Following the production of tuberculides by Lewandowsky1 by means of intracardial inoculation of tubercle bacilli, Saeves2 produced mycotic infections on the skin of guinea-pigs by hematogenous inoculation of trichophytons (Achorion quinckcanum and Trichophyton gypseum). Kogoj3 and Smolka4 have shown that these mycotic lesions, following hematogenous infection, localize on irritated skin areas. Even earlier Calmette and Guérin,5 as well as Prowazek and Yamamoto,6 had made the observation, which had previously escaped attention, that after hematogenous inoculation of variola virus, lesions appeared on the epilated irritated skin. W. Jadassohn7 observed that trichophytons enter the blood of guinea-pigs quickly after cutaneous inoculation, and thereby explained the immunity which Martenstein8 had observed to follow the early excision of the site of cutaneous inoculation. The fact that bacteria causing skin lesions may enter the regional lymph nodes in a short time has been demonstrated by such work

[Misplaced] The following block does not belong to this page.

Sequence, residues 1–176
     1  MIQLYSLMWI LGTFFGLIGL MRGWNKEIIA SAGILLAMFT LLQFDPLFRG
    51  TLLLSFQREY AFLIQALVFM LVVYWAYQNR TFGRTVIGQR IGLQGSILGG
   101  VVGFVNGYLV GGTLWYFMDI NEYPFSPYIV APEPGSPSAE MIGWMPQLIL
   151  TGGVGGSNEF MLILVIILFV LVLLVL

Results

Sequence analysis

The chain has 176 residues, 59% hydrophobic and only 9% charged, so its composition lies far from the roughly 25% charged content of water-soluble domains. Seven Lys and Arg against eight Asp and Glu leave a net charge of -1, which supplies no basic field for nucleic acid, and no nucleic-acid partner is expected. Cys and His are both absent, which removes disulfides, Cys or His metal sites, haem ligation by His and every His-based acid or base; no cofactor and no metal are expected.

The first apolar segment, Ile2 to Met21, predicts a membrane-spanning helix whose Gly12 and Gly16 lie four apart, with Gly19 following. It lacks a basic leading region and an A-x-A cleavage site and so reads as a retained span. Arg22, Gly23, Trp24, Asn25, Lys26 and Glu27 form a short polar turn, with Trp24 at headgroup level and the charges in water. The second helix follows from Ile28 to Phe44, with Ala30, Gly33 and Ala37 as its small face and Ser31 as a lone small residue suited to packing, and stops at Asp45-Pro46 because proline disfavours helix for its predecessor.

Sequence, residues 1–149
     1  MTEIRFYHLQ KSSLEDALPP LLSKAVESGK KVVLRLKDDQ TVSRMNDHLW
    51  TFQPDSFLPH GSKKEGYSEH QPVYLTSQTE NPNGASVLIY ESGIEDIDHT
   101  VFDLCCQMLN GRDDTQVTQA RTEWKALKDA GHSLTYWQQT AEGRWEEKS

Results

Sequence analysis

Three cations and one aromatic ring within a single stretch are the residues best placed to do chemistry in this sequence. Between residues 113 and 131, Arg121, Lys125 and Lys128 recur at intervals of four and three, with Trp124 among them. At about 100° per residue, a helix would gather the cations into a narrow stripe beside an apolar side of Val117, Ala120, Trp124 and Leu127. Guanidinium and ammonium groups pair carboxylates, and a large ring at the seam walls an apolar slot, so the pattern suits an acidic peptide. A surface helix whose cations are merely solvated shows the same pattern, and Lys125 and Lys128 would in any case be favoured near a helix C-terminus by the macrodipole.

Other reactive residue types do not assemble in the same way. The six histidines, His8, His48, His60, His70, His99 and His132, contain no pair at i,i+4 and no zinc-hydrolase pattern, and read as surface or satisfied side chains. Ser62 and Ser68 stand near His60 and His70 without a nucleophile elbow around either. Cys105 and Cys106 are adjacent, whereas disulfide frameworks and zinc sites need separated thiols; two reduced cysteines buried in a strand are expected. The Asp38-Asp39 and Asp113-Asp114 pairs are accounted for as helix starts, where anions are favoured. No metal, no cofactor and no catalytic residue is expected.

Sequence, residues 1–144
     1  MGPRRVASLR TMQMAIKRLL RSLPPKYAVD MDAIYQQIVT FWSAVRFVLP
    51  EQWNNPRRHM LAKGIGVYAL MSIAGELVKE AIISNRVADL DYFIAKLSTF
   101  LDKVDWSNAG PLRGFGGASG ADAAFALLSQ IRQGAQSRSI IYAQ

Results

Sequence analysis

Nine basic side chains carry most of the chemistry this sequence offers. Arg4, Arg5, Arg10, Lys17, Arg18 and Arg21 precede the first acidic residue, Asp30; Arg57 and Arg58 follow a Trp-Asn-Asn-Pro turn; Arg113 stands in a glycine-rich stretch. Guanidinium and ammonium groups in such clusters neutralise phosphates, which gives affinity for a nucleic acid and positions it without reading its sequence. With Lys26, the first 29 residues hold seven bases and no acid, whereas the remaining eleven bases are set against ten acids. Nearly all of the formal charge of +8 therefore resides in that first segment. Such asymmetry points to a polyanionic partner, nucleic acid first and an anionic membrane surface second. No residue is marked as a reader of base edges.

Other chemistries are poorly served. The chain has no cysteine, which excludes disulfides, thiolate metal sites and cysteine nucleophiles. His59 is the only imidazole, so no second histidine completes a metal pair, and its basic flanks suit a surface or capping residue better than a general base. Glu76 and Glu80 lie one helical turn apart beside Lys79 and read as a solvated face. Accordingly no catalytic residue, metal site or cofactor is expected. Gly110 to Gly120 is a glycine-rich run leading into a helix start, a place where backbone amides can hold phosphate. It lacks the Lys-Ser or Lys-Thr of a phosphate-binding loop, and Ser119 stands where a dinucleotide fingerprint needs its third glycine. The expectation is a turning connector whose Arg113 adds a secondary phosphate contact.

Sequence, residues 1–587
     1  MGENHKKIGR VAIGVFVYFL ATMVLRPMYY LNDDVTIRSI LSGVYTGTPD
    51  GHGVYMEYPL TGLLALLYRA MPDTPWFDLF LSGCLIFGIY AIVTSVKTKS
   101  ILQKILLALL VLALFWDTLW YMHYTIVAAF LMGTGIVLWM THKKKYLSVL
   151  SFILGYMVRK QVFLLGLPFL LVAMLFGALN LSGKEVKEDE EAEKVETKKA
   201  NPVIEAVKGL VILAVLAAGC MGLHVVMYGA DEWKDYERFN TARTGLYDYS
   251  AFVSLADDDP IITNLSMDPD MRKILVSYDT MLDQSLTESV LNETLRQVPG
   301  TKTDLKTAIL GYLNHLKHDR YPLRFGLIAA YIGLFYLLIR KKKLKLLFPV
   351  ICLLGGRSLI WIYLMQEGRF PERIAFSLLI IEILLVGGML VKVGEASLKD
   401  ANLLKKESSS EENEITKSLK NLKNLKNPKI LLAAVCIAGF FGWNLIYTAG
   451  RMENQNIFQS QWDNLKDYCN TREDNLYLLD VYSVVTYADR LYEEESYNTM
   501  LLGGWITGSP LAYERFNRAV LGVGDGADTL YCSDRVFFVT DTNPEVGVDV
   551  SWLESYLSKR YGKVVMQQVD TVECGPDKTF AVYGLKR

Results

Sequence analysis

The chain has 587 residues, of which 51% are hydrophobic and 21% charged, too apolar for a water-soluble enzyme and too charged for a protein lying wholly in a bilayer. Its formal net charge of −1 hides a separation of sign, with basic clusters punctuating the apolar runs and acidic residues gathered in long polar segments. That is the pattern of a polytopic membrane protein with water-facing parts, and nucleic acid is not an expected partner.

KESTEN B, MARTENSTEIN H. EXPERIMENTAL SPOROTRICHOSIS: CUTANEOUS AND INTRACARDIAL INOCULATION: A PRELIMINARY REPORT. Arch Derm Syphilol. 1929;20(4):441–444. doi:10.1001/archderm.1929.01440040013002
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